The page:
Front entrance

Following Alice de Rothschild's death in 1922, the property and collections passed to her French great-nephew James A. "Jimmy" de Rothschild, who was married to an English woman, Dorothy Pinto. James further enriched the Manor with objects from the collections of his late father Baron Edmond James de Rothschild of Paris.[9]

James and Dorothy hosted a Liberal Party rally at Waddesdon in 1928, where David Lloyd George addressed the crowd.[10] During World War II, children under the age of five were evacuated from Croydon and lived at Waddesdon Manor, the only time children lived in the house. James and Dorothy also provided asylum at Waddesdon for a group of Jewish boys from Frankfurt.[11]


When James de Rothschild died in 1957, he bequeathed Waddesdon Manor, 120 acres (49 ha) of grounds and its contents to the National Trust, to be preserved for posterity. Dorothy moved to nearby Eythrope and the Manor was never again used as a residence. It opened to the public in 1959, with around 27,000 visitors in the first year.[12] Dorothy chaired the new management committee in close collaboration with the National Trust and took a very keen interest in Waddesdon for the remainder of her long life.[13]

Dutch and English paintings in the Morning Room

At Dorothy's death, in 1989, her nephew Jacob Rothschild inherited her position and responsibilities. At his initiative, the Manor underwent a major restoration from 1990 to 1997, and the visitor attractions were enhanced, including the creation of the Waddesdon Wine Cellars.


Until his death in February 2024, Jacob Rothschild chaired the family charity handling Waddesdon's management, the Rothschild Foundation.[14] Waddesdon Manor operates as an independent organisation within the National Trust.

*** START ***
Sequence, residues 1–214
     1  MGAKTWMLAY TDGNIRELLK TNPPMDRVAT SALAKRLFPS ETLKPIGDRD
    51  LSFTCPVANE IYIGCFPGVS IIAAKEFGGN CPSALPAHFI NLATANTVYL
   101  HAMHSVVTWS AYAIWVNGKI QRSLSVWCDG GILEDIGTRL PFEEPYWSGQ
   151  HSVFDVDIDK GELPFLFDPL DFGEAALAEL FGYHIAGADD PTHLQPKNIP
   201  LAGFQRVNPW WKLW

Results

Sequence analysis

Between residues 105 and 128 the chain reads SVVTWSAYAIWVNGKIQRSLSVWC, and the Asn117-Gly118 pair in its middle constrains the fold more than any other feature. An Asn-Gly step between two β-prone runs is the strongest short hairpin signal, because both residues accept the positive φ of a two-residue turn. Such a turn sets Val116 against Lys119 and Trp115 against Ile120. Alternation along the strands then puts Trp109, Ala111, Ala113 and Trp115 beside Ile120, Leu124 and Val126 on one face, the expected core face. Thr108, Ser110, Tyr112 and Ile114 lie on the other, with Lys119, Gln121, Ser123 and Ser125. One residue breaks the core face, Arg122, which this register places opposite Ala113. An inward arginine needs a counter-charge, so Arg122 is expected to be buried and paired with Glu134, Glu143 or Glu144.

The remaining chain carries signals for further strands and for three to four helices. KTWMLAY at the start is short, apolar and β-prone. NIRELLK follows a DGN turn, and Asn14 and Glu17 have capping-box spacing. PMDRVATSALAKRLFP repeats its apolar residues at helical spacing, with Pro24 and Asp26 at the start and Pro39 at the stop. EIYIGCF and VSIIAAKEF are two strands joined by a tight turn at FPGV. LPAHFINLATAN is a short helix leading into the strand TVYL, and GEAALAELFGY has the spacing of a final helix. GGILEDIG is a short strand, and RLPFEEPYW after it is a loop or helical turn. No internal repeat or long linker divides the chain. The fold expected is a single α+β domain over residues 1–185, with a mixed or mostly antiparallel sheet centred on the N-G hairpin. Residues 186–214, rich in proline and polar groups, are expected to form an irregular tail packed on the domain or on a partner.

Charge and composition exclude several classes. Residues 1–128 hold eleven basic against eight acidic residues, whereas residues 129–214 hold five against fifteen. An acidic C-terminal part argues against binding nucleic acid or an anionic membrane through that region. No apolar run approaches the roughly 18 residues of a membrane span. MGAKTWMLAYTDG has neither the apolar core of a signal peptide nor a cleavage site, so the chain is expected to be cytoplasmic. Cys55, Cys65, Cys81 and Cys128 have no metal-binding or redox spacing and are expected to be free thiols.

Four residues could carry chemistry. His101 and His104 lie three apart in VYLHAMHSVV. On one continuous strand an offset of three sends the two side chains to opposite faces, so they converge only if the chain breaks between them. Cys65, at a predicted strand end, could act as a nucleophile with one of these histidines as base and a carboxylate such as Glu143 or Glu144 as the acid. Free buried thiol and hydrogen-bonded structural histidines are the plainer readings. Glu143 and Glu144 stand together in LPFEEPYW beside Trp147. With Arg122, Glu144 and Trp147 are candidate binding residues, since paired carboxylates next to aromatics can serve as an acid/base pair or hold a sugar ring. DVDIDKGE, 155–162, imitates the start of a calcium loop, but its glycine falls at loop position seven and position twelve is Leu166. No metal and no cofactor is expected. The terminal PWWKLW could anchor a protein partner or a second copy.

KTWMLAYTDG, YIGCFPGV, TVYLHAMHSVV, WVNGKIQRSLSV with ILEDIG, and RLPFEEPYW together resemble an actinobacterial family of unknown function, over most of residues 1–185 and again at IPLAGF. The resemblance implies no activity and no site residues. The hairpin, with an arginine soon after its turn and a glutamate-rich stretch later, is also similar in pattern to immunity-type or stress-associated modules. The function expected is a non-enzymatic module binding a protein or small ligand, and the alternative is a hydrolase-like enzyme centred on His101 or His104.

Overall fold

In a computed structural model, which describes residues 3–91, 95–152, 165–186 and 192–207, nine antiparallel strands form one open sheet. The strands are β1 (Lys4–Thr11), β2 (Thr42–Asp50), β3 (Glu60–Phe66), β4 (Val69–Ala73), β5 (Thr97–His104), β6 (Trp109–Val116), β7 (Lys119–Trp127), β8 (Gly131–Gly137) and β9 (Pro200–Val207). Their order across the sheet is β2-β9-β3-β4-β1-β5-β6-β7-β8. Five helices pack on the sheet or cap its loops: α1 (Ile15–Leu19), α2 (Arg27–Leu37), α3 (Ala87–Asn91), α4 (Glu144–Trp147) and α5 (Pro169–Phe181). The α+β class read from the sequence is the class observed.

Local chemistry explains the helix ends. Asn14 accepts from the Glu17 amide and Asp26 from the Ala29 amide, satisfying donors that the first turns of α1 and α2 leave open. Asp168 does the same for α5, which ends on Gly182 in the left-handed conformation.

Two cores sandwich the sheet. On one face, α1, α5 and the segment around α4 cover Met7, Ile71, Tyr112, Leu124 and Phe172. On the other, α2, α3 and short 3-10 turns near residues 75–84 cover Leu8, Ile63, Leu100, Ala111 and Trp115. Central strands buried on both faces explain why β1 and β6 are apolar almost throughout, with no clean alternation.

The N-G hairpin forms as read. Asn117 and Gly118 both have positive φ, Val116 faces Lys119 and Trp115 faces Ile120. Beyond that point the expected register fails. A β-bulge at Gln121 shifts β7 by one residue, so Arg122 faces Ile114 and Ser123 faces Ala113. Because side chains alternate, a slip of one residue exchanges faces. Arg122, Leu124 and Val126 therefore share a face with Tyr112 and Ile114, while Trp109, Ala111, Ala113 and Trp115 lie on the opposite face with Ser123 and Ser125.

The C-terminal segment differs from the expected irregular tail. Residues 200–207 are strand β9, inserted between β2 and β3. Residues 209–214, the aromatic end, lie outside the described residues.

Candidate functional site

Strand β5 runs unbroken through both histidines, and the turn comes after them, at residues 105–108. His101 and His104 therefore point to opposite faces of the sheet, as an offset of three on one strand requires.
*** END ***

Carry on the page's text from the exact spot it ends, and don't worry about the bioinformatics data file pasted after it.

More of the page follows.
From 2004 to 2006, the Baron's Room and Green Boudoir were restored to reflect Baron Ferdinand's original arrangements.[15] In 2003 a burglary was committed involving the Johnson Gang, when approximately 100 gold snuff boxes and other items were stolen from the collection prompting the installation of new security measures.[16] In 2021 one small sweet-box from this theft was identified at auction and returned to Waddesdon.[17]

Since 2004, there has been an exhibitions programme. Notable exhibitions include the Lod Mosaic in 2014.[18] Waddesdon was one venue celebrating the work of Henry Moore in 2015[19] and Eliot Hodgkin in 2019.[20]

New works of art have been acquired by the Rothschild Foundation to complement the existing collections at Waddesdon, such as Le Faiseur de Châteaux de Cartes by Jean-Baptiste-Siméon Chardin, added in 2007.

There has also been a programme of engagement with contemporary artists, beginning with Angus Fairhurst represented by Arnolfini in 2009. Works have been sited near the Manor and on the wider estate including by Richard Long, Sarah Lucas.[21] In 2012, Christie's chose the Manor to exhibit sculptures by leading contemporary artists.[22]

Between 2013 and 2017, Bruce Munro had a residency at Waddesdon Manor, beginning with the music and light piece Cantus Arcticus in the Coach House Gallery in 2013. Winter Light (2013), with its distinctive wigwam-type structures sited in the gardens of the Manor, was Munro's first solo exhibition of his large-scale pieces; Winter Light returned in 2016–2017. In 2014, Munro developed his pod-like structures, adding elements of language in Snow Code, shown in the Manor. In ...---...SOS, Munro's winter exhibition of 2015–2016, tents were lit up in tune with sound, in response to images of disaster relief.[23]

Flora by Jan Baptist Xavery, bedroom corridor

In 2012, Edmund de Waal exhibited work in the Manor, creating a dialogue between his work and the historical interiors.[24] In 2015, artist Joana Vasconcelos was commissioned to install two sculptures entitled Lafite in front of the Manor.[25] In 2016, Kate Malone exhibited a collection of new work inspired by the people, gardens, collections, and archive.[26] Two portrait pots of Baron Ferdinand and Alice de Rothschild by Malone remain on display at the Manor.[27]